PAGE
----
I have been more conscious this year than in earlier years of some of the difficulties of the admissions system for school-leavers, but I have not become any clearer about the best way forward.
Several anguished letters from parents whose children have done much better than their schools expected have complained that there is no post-A level way into very favoured subjects, such as medicine, without waiting a year. While that is not absolutely accurate - a few students do always get into medicine in August - there is much truth in this perception.
But does this matter? More and more students take a "gap" year between school and university, and this trend may well accelerate as financial pressures grow. Against this, it can be argued that it is able students from families of limited means who may least wish to take a year out at this stage, and that this group may be disproportionately represented among the "underpredicted".
Then there is the much larger group of school-leavers who have come to understand, correctly, that the so-called contract between a university and an applicant contained in a conditional offer is a wholly one-way affair. Students who fail to get into their first-choice institution often no longer feel bound to go to their reserve choice, and students who do better than expected feel no obligation to go to their hitherto first-choice institution. Students can and do change their part of the contract unilaterally if it seems advantageous to do so, and can one really blame them?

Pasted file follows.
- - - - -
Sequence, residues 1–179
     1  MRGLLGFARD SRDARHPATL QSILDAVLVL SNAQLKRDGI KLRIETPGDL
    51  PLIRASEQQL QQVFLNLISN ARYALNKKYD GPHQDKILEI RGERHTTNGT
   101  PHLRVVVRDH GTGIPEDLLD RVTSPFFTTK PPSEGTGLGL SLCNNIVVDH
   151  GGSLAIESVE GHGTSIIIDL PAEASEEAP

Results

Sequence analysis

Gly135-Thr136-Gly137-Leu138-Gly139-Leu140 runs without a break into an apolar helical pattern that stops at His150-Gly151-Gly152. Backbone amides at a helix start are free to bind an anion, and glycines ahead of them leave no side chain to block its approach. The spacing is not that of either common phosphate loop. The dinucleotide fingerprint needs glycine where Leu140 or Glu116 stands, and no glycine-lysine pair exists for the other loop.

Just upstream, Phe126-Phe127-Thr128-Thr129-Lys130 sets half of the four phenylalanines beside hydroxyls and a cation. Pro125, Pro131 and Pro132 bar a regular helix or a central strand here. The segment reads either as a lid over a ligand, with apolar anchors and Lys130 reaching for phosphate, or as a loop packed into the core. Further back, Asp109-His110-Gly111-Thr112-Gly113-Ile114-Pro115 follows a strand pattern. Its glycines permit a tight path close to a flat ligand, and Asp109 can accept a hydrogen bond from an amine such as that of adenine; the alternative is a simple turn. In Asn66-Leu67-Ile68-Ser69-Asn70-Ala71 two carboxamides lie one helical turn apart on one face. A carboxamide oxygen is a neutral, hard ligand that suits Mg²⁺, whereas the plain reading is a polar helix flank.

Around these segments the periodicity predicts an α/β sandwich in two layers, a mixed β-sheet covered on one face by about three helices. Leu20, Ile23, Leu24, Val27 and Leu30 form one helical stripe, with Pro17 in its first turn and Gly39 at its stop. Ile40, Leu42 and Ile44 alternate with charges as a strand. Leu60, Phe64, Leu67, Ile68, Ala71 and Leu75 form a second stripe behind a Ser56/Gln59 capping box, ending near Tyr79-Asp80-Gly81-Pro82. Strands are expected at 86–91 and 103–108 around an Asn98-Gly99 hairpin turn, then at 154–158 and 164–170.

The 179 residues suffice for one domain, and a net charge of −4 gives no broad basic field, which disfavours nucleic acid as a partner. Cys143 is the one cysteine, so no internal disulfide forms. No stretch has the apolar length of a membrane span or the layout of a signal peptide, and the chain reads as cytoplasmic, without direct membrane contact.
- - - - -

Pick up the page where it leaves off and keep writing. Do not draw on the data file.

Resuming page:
These problems are compounded by the fact that predicted grades, on which the present system is based, can be inaccurate and are certainly uneven. This leads to perceived inequity in the way candidates from different schools are treated, and is particularly irritating to headteachers.
But the arguments for a post-A level system are not without their difficulties. There is certainly no political will to fund large numbers of young people to permit a January start to the academic year, so a September start must stay. That means that a wholly post-A level system would put quite intolerable strain on university staff.
To enable all school-leavers to visit one or several universities in August, consider courses and accommodation and to make reasoned decisions would require so many staff to be present at the only time when leave is currently possible as to be entirely impracticable.
But why not allow the visits and discussions to take place in the spring, as now, with only applications and (immediate) decisions made in August? I see two problems with this. First, one of the objections of schools to the present system - the expense and disruption of visits during the A-level terms - is not addressed. Just as important, there will be absolutely no way in practice of preventing students, particularly the ablest students, reaching agreements, whether formal or informal, with their favoured institution: in effect, obtaining a pre-A-level offer, conditional or otherwise. Perhaps this does not matter, but it does mean that a wholly post-A level system is simply not going to materialise in a world where the student consumer is all-powerful.
So the real choice is between the present system with its acknowledged flaws and some form of mixed system, as the university/ schools working party is proposing. What intrigues me is whether a mixed system can guarantee at least a few post-A-level places in all subjects in all institutions. If it does not, it will not help me to reply to next year's anguished letters.
Martin Harris is vice chancellor, University of Manchester.